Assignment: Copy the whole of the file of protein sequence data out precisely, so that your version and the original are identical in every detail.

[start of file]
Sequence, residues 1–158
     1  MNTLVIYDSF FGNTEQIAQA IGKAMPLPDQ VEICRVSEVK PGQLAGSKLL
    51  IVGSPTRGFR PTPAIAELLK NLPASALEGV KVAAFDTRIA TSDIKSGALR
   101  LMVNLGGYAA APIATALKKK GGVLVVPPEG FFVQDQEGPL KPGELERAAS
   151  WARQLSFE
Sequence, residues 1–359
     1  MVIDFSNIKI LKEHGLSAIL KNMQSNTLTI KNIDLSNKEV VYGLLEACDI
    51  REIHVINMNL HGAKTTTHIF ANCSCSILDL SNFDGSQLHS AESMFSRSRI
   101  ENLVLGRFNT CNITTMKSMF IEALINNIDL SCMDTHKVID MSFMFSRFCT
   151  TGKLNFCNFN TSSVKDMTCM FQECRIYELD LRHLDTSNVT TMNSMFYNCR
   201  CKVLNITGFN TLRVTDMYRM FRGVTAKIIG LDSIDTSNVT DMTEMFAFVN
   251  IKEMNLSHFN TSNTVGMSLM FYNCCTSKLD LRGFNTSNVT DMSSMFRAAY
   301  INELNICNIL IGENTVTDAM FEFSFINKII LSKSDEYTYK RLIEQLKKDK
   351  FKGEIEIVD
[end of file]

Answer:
Sequence, residues 1–158
     1  MNTLVIYDSF FGNTEQIAQA IGKAMPLPDQ VEICRVSEVK PGQLAGSKLL
    51  IVGSPTRGFR PTPAIAELLK NLPASALEGV KVAAFDTRIA TSDIKSGALR
   101  LMVNLGGYAA APIATALKKK GGVLVVPPEG FFVQDQEGPL KPGELERAAS
   151  WARQLSFE
Sequence, residues 1–359
     1  MVIDFSNIKI LKEHGLSAIL KNMQSNTLTI KNIDLSNKEV VYGLLEACDI
    51  REIHVINMNL HGAKTTTHIF ANCSCSILDL SNFDGSQLHS AESMFSRSRI
   101  ENLVLGRFNT CNITTMKSMF IEALINNIDL SCMDTHKVID MSFMFSRFCT
   151  TGKLNFCNFN TSSVKDMTCM FQECRIYELD LRHLDTSNVT TMNSMFYNCR
   201  CKVLNITGFN TLRVTDMYRM FRGVTAKIIG LDSIDTSNVT DMTEMFAFVN
   251  IKEMNLSHFN TSNTVGMSLM FYNCCTSKLD LRGFNTSNVT DMSSMFRAAY
   301  INELNICNIL IGENTVTDAM FEFSFINKII LSKSDEYTYK RLIEQLKKDK
   351  FKGEIEIVD